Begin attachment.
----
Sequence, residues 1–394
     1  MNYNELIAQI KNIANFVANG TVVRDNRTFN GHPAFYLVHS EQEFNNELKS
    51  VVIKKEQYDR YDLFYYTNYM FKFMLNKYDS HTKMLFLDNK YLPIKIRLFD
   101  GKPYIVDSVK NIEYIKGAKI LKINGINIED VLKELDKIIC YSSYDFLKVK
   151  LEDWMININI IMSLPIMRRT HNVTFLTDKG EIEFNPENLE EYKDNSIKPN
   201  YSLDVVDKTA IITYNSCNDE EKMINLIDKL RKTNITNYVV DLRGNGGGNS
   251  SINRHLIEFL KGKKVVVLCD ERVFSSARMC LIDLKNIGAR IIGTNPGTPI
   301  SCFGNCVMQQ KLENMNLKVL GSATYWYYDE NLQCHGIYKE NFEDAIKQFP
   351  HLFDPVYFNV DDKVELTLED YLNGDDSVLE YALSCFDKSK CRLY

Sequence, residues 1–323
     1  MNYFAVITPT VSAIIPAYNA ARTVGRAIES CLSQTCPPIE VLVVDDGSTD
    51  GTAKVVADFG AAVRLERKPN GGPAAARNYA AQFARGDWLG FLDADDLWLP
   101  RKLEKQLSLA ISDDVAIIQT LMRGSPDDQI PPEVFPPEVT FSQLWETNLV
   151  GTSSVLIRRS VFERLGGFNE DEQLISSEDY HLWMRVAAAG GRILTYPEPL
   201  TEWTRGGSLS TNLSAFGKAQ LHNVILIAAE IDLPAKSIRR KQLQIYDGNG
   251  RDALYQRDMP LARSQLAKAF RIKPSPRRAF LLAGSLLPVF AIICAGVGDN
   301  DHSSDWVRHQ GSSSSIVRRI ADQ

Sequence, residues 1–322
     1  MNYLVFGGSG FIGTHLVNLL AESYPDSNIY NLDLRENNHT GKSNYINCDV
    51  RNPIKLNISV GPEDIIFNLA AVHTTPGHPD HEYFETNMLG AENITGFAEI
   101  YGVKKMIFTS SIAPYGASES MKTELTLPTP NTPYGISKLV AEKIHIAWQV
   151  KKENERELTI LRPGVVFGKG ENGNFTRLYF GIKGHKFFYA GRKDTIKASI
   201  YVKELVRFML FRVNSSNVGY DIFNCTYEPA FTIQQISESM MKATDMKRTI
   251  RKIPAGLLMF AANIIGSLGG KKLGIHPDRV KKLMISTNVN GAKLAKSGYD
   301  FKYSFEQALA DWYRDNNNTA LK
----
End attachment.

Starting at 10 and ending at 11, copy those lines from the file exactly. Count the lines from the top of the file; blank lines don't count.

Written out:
Sequence, residues 1–323
     1  MNYFAVITPT VSAIIPAYNA ARTVGRAIES CLSQTCPPIE VLVVDDGSTD